Proud Philadelphians are united by a common love of food, football and welcome-to-the-family friendliness. But there are also distinct differences in the districts beyond the traditional tourist destinations. From the edible offerings of East Passyunk in South Philly to Fishtown’s hipster territories, The City of Brotherly Love is also known as a city of unique neighbourhoods. So lace up your walking shoes, refuel with a cheesesteak and catch a vibe at one of the unmissable boroughs that make Philadelphia so fabulous.


The historic heart of Philadelphia can be found downtown, and is packed with the city’s most well-known sites. These include Independence Hall, the Liberty Bell and Betsy Ross House. Nonetheless, it’s not just a crash course in American history. The stately architecture, leafy streets and close proximity to the Delaware River make it very family friendly by day. And there are some great options for a night out, including the fashionable restaurants on Market and Chestnut Streets. Check out The Continental, Fork and Amada, which are all brilliant.


Lying north of the Old City, Fishtown’s roots are of a classic working-class town – so-called for its role in the commercial shad-fishing industry. However, today this former industrial hub has been transformed into a hipster’s haven – with the past two decades bringing an influx of Instagramable music venues, studios, galleries, restaurants and cafes (La Colombe and Suraya are two of the best) – and transforming it into a popular urban locale.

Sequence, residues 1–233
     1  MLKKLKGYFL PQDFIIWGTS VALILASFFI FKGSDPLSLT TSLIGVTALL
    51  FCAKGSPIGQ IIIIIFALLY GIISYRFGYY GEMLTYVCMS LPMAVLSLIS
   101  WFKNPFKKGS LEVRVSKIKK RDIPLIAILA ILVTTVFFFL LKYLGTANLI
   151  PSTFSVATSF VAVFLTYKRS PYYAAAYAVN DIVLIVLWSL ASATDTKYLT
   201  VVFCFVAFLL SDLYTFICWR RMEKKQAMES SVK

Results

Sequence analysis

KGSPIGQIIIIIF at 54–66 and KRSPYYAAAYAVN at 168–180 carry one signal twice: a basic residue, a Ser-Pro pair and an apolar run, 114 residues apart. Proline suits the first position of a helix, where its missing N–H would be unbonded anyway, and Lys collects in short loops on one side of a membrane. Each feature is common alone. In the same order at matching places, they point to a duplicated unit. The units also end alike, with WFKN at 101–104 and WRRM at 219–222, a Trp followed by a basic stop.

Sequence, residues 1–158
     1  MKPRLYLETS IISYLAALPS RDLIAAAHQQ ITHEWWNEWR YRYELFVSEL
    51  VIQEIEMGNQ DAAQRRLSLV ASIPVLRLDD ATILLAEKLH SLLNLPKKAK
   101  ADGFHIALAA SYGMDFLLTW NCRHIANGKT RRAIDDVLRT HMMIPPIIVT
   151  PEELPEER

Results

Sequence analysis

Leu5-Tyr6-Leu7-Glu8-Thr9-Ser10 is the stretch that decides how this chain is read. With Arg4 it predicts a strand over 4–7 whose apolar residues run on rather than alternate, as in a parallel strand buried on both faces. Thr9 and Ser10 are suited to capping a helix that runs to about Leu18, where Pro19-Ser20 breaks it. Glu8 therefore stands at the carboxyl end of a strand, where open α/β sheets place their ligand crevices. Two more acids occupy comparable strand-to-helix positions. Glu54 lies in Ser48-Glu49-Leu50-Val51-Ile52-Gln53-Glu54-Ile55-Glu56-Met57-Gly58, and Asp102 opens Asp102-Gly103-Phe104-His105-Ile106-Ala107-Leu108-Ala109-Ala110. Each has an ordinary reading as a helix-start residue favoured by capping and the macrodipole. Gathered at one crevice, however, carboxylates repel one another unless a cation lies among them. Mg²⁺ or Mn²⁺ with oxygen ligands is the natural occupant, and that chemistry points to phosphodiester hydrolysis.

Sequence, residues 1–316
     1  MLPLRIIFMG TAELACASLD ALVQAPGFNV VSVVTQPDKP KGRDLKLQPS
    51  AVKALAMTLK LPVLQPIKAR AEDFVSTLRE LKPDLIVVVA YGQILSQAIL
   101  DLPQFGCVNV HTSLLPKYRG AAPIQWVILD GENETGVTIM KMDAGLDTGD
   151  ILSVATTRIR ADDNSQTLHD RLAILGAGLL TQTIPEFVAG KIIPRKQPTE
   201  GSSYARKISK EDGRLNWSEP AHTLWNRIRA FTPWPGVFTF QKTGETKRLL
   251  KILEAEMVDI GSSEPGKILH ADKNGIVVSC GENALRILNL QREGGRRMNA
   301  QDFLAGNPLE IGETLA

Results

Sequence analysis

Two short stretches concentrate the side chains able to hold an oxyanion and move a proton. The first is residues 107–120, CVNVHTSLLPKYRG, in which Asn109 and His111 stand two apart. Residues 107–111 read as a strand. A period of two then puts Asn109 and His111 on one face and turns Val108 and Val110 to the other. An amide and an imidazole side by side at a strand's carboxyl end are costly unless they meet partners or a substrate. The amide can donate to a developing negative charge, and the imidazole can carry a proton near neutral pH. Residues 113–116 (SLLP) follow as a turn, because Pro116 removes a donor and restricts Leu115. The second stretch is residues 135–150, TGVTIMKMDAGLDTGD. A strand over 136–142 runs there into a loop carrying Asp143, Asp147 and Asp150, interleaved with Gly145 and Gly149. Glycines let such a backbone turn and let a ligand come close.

Northern Liberties (an ex manufacturing district that links Fishtown to the Old City) has also become incredibly trendy among sophisticated, bohemian types. The Piazza is a shopping complex (built on the site of an old brewery), and home to some excellent craft beer halls and food festivals. Try to catch the 2nd Street Festival in August.


A plethora of luxury spas, designer stores and five-star hotels entice travellers to this exclusive (and expensive) neighbourhood – with affluent, town-housed residents also calling it home. But, you don’t have to be a millionaire to enjoy the finer things in Rittenhouse. While ritzy Parc restaurant is an institution, other more affordable offerings include alfresco dining that spills out onto sidewalk cafes (Rouge is excellent), small galleries, locally owned boutiques (like DFTI) and cocktail bars. The manicured park which shares its name with the neighbourhood is also a wonderful spot for a relaxed sunny stroll – and it’s completely free.


Though still primarily populated by Philadelphia’s Italian- and Irish-American migrants, aspiring artists have begun to move into this affordable enclave. But it’s not all budget boarding here! As well as cute boutiques and independent retailers, a mix of classic, old-school and highly acclaimed modern eateries have earned Passyunk Avenue in the East Passyunk neighbourhood (“Pashyunk” to the locals) a place on “Food and Wine’s list of 10 Best Foodie Streets in America”. Visitors to this walkable stretch of the city can join the cheesesteak debate at Pat’s versus Geno’s – the rivals who are situated on opposite ends of the same block and have duked it out for the title of city’s best for 50 years. Don’t miss the Singing Fountain at East Passyunk Avenue and Tasker Street, or a visit to South Philadelphia Sports Complex, either.


When the Fresh Prince of Bel Air rapped about being “West Philadelphia born and raised” it’s possible that he may have spent some of his time in University City! Named for the presence of The University of Pennsylvania and Drexel University, this area is a vibrant hive buzzing with student-budget-friendly activities, like casual bars and street food. However, its adjacent position to Centre City means more upscale experiences can be had on Walnut Street.